“Show me your impact”: Evaluating transitional justice in contested spaces
This paper discusses some of the most significant challenges and opportunities for evaluating the effects of programs in support of transitional justice – the field that addresses how post-conflict or post authoritarian societies deal with legacies of wide spread human rights violations. The discussion is empirically grounded in a case study that assesses the efforts of the International Development Research Centre (IDRC) and one of its Guatemalan partners to evaluate the effects of a museum exposition that is attempting to recast historic memory and challenge racist attitudes in post-conflict Guatemala. The paper argues that despite the increasing trend to fund transitional justice programs, many international aid donors are stuck in traditional and arguably orthodox paradigms of program evaluation. This is having a negative effect not only upon the administration of aid but also upon how transitional justice research is perceived and valued by local populations. The case study experience indicates that there is no perfect evaluation model or approach for evaluating transitional justice programming – only choices to be made by commissioners of evaluation, evaluators, and those being evaluated. These are profoundly influenced by the extreme politics and moral values that define transitional justice settings as contested spaces in which calls to remember the tragic past must be balanced with aspirations to re-build a hopeful future.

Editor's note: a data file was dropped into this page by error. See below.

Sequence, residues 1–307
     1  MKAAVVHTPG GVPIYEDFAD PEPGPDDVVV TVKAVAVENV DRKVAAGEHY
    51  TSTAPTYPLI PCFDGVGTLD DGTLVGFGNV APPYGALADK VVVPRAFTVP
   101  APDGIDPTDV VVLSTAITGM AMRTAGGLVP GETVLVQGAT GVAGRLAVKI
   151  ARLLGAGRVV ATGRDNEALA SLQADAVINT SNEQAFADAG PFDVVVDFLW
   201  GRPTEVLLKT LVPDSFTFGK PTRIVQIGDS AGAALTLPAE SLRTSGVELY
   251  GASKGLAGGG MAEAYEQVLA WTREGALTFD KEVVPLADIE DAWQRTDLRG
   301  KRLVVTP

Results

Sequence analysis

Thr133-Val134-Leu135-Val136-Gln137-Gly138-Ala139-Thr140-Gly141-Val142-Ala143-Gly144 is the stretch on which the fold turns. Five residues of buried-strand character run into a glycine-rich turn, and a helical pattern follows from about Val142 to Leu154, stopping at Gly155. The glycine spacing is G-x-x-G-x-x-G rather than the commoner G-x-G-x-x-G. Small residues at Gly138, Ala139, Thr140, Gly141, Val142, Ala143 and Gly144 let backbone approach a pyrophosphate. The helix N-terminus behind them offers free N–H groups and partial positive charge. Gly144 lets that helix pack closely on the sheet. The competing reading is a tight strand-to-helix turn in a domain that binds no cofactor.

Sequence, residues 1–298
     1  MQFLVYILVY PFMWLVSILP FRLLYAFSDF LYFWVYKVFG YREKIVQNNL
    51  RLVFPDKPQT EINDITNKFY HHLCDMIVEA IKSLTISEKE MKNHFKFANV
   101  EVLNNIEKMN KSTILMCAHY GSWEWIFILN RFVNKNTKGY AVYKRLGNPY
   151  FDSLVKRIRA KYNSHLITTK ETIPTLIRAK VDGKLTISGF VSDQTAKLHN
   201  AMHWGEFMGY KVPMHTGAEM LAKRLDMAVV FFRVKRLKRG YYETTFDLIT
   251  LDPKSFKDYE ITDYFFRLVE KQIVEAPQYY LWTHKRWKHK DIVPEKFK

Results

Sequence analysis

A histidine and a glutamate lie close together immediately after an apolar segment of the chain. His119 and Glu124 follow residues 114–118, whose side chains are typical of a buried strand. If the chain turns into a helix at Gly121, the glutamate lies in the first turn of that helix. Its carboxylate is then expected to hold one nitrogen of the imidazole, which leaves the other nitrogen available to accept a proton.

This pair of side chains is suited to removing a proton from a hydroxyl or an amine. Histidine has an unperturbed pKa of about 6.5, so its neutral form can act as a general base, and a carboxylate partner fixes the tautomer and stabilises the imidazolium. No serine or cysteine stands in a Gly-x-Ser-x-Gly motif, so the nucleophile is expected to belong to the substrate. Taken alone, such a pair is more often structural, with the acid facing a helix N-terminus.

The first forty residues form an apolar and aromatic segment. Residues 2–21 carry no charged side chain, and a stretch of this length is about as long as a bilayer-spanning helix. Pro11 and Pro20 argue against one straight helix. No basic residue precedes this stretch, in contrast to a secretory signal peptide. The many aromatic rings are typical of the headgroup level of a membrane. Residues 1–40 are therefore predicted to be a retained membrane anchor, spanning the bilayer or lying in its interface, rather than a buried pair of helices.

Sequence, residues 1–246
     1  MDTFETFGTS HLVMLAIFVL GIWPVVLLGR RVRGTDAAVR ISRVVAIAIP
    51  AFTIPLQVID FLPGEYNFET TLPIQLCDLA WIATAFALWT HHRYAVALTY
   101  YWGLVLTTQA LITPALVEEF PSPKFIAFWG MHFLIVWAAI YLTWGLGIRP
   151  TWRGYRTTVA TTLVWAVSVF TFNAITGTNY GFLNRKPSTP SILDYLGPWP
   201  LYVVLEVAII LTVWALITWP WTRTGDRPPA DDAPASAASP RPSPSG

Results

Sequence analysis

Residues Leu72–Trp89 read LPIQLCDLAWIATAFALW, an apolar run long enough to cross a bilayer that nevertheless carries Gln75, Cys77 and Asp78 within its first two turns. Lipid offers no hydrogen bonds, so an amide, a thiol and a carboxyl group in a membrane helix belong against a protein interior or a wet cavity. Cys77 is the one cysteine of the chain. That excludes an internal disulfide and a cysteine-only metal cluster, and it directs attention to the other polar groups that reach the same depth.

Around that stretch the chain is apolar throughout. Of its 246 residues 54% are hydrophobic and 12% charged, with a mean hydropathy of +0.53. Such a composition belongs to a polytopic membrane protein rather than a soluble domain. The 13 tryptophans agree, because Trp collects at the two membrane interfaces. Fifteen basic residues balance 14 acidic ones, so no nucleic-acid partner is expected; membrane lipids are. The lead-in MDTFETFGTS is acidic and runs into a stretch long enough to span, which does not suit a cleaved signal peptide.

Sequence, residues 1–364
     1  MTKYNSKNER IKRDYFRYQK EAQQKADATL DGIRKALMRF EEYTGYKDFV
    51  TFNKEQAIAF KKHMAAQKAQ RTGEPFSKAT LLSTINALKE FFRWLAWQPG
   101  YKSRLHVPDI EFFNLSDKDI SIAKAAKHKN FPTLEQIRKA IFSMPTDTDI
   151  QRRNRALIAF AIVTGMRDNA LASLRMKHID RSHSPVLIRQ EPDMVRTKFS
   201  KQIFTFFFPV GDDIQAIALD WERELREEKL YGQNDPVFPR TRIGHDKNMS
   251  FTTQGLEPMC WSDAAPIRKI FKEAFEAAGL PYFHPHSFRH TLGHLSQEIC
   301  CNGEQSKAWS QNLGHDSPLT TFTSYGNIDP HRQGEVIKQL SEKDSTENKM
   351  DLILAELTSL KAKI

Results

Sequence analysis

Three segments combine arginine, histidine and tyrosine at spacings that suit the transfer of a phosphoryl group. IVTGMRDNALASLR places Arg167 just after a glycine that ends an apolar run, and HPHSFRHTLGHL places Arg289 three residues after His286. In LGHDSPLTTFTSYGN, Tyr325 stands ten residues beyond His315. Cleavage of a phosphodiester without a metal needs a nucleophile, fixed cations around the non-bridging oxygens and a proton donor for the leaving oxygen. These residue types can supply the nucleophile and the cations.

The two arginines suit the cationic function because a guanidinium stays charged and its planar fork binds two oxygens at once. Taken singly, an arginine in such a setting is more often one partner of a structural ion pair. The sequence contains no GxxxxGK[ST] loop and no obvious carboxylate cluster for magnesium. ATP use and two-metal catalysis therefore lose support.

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- Ravallion Martin, 2009. "Should the Randomistas Rule?," The Economists' Voice, De Gruyter, vol. 6(2), pages 1-5, February.
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